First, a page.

Comics: Not Synonymous with Superheroes

The first preconceived notion most have for comics is that they are for children, snubbing their nose at the medium. The second is they’re all about guys and gals in spandex running around, punching villains that never die and escape every other week (in the states at least). Generally, they’re right. It’s fair to say about seventy percent of comics are superhero based (that statistic is based on zero research). Comics can, and are, so much more. I’m not here to plead the “comic books are art” case (they are). I want you to know what you’re missing.

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Jim Henson’s Tale of Sand

If you are a fan of stories,whether they be ones of love, tragedy, comedy, triumph, or failure, I have a comic for you. As I write this, I’m staring at my shelf, ignoring all the Marvel/DC books (though I have plenty of those). Looking at everything else I have beyond superheroes, I guarantee I can find a book you’d love.

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Nate Cosby’s Cowboy

Who doesn’t love Jim Henson? An unproduced script of his was found, “Tale of Sand.” I’m leading off with this one because of the easy point of entry. There’s hardly any dialogue. Reading would take less than 10 minute. Pick this up at a book store and give it a try. Few fun facts: the lettering font is done in Henson’s handwriting, the script was never produced because that whole Muppet thing took off. Keeping in the family friendly genre is Cowboy by Nate Cosby and Chris Eliopoulos. Boyd Linney is out to catch his criminal family. I read this book with my children. Again, low barrier to entry with the entire book available online (legally and free).

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Brian K. Vaughan’s Pride of Baghdad

Author Brian K. Vaughan is at the top of my list of recommendations. Ex Machina, Y: The Last Man, Private Eye, and currently running Saga are all amazing books. Each tells a very human story, overlaid with some mild sci-fi. Since I’m all about the ease of entry though, so I’d recommend Pride of Baghdad. This is fictional take of a true story featuring four lions that escaped the Baghdad Zoo after the U.S. bombing in 2003. Private Eye is easily accessible via their website, allowing you to pay what you want per issue. Try issue one.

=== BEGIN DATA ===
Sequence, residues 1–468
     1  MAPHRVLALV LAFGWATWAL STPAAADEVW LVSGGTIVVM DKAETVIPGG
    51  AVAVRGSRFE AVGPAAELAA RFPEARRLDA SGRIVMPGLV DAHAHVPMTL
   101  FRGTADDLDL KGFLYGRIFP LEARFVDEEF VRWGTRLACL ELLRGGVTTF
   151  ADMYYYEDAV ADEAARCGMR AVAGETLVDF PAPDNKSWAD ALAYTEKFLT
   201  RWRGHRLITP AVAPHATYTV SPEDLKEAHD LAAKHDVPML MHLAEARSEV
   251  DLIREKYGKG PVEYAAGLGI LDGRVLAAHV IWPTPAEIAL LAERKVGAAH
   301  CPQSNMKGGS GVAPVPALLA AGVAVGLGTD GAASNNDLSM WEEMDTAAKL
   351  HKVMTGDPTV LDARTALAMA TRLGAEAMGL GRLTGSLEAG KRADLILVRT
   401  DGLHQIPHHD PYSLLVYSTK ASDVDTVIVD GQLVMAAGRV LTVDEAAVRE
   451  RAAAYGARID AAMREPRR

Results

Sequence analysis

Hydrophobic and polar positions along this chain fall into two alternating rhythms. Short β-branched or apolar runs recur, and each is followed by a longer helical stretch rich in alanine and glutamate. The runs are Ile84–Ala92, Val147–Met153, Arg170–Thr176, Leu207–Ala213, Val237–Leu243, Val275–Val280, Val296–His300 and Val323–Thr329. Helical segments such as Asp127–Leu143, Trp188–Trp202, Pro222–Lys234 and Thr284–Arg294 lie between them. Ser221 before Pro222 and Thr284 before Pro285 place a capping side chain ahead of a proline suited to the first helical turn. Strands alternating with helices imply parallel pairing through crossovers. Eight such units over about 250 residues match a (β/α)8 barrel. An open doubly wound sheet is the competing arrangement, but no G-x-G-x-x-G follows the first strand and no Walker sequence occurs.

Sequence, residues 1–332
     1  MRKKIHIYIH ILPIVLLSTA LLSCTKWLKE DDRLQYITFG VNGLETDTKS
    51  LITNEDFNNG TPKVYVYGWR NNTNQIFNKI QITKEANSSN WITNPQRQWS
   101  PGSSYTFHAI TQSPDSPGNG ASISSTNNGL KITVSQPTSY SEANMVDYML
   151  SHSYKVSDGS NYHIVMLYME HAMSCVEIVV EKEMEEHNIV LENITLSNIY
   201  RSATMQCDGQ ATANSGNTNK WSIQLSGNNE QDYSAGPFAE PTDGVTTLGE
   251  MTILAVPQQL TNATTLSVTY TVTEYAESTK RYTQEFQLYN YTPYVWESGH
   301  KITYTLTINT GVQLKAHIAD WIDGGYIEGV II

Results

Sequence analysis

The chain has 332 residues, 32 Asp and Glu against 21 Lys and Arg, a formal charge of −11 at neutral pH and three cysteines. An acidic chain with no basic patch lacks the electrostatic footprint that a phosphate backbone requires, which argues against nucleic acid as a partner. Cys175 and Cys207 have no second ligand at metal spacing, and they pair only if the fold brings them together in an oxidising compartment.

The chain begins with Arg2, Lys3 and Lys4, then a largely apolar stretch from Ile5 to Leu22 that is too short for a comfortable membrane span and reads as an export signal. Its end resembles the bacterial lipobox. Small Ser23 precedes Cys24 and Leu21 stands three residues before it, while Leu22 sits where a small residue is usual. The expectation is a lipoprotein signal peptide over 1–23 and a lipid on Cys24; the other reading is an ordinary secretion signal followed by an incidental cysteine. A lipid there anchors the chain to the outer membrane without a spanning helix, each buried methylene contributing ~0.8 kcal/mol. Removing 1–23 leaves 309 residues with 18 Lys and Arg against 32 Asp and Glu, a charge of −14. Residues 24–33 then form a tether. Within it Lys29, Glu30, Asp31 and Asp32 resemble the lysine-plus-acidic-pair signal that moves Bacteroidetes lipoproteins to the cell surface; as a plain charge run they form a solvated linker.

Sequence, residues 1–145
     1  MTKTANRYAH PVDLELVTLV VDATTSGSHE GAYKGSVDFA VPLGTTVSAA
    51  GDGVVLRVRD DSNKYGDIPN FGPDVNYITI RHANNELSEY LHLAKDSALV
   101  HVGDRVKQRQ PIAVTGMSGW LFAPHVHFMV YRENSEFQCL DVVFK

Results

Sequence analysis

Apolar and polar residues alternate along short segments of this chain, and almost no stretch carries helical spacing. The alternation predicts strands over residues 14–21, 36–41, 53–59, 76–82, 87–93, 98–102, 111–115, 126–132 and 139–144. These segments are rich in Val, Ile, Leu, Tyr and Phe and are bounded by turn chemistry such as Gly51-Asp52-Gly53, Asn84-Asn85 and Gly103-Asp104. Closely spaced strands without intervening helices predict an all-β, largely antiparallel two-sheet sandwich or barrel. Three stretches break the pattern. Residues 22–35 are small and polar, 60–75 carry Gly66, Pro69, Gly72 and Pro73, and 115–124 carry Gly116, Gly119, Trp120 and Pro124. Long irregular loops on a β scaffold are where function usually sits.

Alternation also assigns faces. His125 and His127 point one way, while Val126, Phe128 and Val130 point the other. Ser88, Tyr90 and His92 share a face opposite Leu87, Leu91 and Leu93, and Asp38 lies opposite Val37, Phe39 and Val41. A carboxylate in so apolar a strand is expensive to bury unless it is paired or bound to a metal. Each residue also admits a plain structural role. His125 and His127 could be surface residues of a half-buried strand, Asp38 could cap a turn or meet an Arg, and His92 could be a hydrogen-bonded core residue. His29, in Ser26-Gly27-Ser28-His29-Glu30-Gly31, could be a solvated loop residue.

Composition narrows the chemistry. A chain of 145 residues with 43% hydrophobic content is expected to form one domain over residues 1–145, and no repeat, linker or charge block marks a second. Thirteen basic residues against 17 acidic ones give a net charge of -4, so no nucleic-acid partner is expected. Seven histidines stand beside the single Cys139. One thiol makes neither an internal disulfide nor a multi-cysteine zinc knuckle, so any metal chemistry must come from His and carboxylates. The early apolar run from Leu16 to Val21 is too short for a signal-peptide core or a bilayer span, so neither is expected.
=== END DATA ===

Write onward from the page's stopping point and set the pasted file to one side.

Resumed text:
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Terry Moore’s Echo

Female characters are often poorly represented in comics. Cheesecake abound with overly large breasts and constant sexy/spin breaking poses. Writer/artist/creator Terry Moore has completely subverted this expectation. His books that he writes, draws, inks, and letters himself, all feature strong female leads. Strangers in Paradise is a 90 issue series about a difficult relationship between two women. Currently running is his horror story Rachel Rising. While both are great I suggest picking up Echo (only 30 issues). This sci-fi tale features a divorced woman who is accidentally caught in an explosion during a munitions test.

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Craig Thompson’s Habibi

I can easily continue. Humor your thing? Pick up an issue of Chew. Rather have something a little more cerebral and award winning? Sandman by Neil Gaiman (a long one though – 90 issues). Horror? Locke & Key by Jonah Hill (son of Stephen King). Heartfelt? Daytripper, Blankets or Habibi. Post apocalyptic without zombies? Sweet Tooth. There is a comic book for everyone.

If you you’ve never read a comic or have only read superhero books, you don’t know what you’re missing. Like video games, comics have matured over time with the vast majority featuring creators who grew up reading them. If you’re in the market for a comic book, I can point you in the right direction, and guarantee you’ll be hooked.

Looking for a recommendation? What’s your favorite non-superhero book? Comment below!

My grandmother reads all my comic books. 

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One response to “Comics: Not Synonymous with Superheroes

  1. Pingback: The Credible Hulk’s Top 5 Comic Book Movies – 100% Superhero Free | The Credible Hulk·

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